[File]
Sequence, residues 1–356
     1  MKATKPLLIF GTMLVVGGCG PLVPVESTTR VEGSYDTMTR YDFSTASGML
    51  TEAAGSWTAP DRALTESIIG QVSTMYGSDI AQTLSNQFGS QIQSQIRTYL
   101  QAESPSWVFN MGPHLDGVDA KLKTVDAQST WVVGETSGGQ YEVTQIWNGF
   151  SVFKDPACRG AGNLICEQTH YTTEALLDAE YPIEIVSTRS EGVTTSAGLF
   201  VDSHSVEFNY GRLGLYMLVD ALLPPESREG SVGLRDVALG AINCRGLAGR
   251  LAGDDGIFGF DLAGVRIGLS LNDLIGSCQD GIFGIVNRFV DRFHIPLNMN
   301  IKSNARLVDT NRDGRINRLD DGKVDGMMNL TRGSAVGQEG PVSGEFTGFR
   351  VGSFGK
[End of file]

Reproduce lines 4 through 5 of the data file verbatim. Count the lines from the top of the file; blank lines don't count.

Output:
   101  QAESPSWVFN MGPHLDGVDA KLKTVDAQST WVVGETSGGQ YEVTQIWNGF
   151  SVFKDPACRG AGNLICEQTH YTTEALLDAE YPIEIVSTRS EGVTTSAGLF